Nanomaterials hold promise for the future, and are expected to bring revolutionary changes, specifically in the area of renewable energy. Meeting the global energy challenge will require new technologies based on advanced energy devices using multifunctional materials. Our research lies in the broad areas of Nanoscience and Energy technology, in particular, development of novel nanostructured materials for energy storage and conversion applications. Our research focuses on the materials science and physics of various energy storage and conversion systems that will have great impact on our society. Some of our broad areas of interest include Carbon nanostructures- CNTs and Graphene, 2-dimensional layered nanostructures- MoS2, WS2, Supercapacitors, Lithium and Sodium batteries, Gas Storage. We do various experimental analyses to understand the underlying physical phenomena in these systems. Some of our current research interests include:
- Synthesis of Carbon nanotubes, Graphene, MoS2, WS2, MoSe2 and composites
- Template fabrication of hybrid nanostructures
- Metal/metal oxide/polymer nanowires and composites
- Lithium/Sodium - ion battery, Li-Sulphur battery, Supercapacitor
- Gas storage in nanoporous materials- CO2, H2, CH4
Some of our recent research accomplishments are summarized below:
1. Multifunctional nanostructured materials:
(i) Synthesis of 2-dimensional layered nanostructures: In one of our recent published works, we demonstrated size-controlled synthesis of luminescent quantum dots of MoS2 with a narrow size distribution, ranging from 2.5 to 6 nm and consisting of single/few layer thickness, from their bulk material, using a unique electrochemical etching of bulk MoS2. Excitation-dependent photoluminescence emission is observed in the MoS2 QDs and they exhibited excellent electrocatalytic activity towards hydrogen evolution reaction. In another work, we reported the synthesis of hetero-dimensional nanostructures of MoS2 quantum dots interspersed few-layered sheets of MoS2, using liquid exfoliation technique in organic solvents. This unique hybrid morphology results from the optimized experimental conditions involving bath sonication followed by ultrasound probe sonication. We showed that such hetero-dimensional hybrid materials could easily be extracted from the solvent as precipitates when post-treated with less polar volatile solvents such as chloroform. Such tailored MoS2 nanostructures, when directly used as electrodes for hydrogen evolution reaction (HER), showed excellent electrocatalytic activity with low over potential.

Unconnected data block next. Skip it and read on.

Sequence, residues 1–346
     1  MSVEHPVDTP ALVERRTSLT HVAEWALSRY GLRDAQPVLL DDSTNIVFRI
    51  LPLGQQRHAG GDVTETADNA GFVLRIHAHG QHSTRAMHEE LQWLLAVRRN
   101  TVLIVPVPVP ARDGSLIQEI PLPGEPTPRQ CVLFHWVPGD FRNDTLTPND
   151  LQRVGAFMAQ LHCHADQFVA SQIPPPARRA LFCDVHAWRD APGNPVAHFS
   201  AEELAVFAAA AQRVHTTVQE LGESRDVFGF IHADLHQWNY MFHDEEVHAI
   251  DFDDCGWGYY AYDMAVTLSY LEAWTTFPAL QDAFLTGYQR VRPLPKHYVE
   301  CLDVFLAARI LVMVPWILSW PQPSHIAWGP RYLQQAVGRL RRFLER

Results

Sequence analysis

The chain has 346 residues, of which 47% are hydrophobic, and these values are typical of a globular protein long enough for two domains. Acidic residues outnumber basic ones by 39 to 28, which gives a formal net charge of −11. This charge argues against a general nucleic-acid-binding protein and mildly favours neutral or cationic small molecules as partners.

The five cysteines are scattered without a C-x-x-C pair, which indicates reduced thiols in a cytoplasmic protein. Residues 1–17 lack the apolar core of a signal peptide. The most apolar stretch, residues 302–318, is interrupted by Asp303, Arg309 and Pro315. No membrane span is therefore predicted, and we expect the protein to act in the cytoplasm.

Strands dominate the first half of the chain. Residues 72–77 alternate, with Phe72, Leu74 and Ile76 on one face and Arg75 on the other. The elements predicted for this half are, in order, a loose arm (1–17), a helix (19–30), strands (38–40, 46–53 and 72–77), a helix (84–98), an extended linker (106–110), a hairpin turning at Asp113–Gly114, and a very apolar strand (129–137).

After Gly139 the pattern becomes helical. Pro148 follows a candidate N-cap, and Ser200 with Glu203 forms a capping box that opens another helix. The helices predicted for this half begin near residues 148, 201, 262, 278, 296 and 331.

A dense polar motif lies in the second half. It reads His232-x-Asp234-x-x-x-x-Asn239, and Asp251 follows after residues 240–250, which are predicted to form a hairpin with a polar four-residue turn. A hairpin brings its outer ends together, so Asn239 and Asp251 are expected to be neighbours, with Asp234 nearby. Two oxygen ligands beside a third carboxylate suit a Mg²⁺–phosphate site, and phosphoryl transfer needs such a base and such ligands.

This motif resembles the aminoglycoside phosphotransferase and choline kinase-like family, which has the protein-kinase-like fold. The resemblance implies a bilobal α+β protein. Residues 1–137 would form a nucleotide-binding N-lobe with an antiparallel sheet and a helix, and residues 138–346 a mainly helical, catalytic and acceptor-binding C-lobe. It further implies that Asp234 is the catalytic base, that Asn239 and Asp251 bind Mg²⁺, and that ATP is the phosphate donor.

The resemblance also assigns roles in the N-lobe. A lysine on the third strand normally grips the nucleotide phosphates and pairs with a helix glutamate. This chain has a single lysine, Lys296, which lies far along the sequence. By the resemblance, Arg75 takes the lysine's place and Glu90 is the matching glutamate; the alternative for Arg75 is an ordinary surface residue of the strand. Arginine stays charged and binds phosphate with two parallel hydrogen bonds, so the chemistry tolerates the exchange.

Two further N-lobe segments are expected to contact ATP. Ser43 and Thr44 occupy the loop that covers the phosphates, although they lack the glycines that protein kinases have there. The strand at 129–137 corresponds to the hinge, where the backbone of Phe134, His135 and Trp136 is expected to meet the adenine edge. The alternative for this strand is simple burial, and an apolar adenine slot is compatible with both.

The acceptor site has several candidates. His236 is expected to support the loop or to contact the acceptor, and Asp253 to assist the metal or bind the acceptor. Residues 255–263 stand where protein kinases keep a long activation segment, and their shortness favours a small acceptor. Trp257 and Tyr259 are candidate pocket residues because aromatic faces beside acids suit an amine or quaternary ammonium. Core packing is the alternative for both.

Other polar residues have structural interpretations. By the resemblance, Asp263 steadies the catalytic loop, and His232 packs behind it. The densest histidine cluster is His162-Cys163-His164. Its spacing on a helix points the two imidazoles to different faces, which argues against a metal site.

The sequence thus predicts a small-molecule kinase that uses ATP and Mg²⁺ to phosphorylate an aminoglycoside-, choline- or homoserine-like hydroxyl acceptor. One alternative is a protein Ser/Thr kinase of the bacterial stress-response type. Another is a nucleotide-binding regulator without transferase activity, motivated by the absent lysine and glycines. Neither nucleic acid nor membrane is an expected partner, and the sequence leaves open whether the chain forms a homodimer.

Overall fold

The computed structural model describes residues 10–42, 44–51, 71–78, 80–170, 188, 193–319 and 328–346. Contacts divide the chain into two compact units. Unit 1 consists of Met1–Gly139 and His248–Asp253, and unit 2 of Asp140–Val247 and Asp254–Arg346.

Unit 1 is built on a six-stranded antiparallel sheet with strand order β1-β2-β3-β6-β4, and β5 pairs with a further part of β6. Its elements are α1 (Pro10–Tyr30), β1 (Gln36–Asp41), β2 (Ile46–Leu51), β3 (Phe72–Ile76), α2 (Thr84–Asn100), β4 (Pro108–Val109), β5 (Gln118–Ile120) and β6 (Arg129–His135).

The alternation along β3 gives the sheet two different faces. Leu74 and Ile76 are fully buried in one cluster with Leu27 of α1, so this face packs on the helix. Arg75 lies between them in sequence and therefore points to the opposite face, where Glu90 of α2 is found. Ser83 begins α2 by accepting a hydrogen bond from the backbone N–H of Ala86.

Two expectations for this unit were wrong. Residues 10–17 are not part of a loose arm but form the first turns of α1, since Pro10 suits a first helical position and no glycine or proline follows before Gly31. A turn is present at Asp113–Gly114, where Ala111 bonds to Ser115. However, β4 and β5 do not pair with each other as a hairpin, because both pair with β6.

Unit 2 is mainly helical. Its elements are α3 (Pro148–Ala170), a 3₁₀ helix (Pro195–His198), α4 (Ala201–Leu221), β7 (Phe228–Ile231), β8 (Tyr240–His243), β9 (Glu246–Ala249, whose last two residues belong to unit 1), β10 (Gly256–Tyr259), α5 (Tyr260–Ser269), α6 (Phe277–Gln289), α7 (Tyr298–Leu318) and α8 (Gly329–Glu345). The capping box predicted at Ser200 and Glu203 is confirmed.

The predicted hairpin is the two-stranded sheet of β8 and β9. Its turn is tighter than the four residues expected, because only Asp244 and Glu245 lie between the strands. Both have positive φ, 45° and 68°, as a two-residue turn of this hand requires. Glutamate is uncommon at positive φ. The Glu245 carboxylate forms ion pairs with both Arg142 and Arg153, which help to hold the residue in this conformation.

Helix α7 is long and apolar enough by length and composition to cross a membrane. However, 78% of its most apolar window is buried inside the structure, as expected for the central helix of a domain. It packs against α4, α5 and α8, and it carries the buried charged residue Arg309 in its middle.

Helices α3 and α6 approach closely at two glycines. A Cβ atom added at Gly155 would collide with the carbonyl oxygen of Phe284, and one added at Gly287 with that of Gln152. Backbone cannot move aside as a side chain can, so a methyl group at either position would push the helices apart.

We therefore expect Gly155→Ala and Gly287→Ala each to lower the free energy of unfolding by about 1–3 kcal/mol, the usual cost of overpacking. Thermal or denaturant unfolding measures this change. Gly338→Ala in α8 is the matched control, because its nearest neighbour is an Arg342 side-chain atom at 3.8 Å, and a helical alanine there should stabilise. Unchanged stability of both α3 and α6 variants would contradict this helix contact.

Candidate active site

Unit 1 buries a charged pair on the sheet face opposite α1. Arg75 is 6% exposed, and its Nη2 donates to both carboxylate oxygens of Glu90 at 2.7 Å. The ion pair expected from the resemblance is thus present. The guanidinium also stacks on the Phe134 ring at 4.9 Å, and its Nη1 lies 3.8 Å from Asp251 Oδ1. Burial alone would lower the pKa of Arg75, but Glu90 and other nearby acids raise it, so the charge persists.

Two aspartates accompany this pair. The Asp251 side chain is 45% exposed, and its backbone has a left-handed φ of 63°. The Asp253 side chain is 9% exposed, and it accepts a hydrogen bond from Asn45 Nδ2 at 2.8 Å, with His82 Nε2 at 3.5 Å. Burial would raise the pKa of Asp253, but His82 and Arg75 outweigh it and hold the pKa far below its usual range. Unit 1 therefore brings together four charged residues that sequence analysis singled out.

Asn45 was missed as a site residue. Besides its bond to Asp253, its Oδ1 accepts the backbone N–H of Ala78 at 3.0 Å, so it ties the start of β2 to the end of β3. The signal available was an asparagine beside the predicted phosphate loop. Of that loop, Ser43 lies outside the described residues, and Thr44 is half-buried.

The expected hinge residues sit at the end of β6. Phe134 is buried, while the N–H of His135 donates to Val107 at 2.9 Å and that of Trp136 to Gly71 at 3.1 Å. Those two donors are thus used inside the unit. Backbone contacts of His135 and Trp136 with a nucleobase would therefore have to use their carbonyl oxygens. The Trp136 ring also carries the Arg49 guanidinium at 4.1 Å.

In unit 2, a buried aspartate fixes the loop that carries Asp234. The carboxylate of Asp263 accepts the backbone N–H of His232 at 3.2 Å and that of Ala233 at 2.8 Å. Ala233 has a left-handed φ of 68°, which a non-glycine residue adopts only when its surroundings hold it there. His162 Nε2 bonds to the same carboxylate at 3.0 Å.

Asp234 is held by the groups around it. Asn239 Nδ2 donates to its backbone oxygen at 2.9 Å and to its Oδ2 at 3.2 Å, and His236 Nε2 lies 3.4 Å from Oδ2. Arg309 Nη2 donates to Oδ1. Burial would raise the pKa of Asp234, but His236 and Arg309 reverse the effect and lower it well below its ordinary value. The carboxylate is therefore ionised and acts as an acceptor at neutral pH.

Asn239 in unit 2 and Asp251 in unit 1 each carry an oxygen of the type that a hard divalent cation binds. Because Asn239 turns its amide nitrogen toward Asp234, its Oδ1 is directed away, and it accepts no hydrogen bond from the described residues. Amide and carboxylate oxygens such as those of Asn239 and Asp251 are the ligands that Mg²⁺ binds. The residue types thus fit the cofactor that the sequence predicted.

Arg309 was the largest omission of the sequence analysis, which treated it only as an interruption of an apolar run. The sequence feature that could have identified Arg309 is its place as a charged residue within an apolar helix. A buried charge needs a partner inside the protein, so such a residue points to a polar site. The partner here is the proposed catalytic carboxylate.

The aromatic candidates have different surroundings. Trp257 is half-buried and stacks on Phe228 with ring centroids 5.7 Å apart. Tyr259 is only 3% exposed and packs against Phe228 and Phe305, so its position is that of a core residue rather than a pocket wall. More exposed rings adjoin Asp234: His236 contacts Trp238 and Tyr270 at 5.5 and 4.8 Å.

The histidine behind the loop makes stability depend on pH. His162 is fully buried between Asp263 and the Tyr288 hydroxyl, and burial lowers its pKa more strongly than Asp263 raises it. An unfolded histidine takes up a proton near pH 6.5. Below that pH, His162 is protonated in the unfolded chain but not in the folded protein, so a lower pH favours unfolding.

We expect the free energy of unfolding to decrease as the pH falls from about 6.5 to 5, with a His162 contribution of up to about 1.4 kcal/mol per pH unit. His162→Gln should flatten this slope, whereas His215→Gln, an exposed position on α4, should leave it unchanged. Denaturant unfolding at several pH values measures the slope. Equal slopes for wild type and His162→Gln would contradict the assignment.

2. High performance Energy Storage Devices: Rechargeable Lithium/Sodium batteries:
The urgent need of the alternate renewable energy sources to fulfill the increasing energy demand of modern life has been recognized. These alternate energy sources are critical to tackle the daunting environmental issues by replacing the currently dominant fuels, petroleum and natural gas. Therefore considerable effort has been attempted to find better alternate and partial success is achieved in the area of renewable energy sources as well as energy storage devices. However, these devices suffer from various issues such as high cost, safety, performance, and hence do not meet the desired standards. The major reason of their inefficiency is the unavailability of advance materials with diverse multifunctional capability to deal the current requirement for future energy devices. We currently work on the design and development of high performance energy storage systems using novel nanoarchitectured materials and components.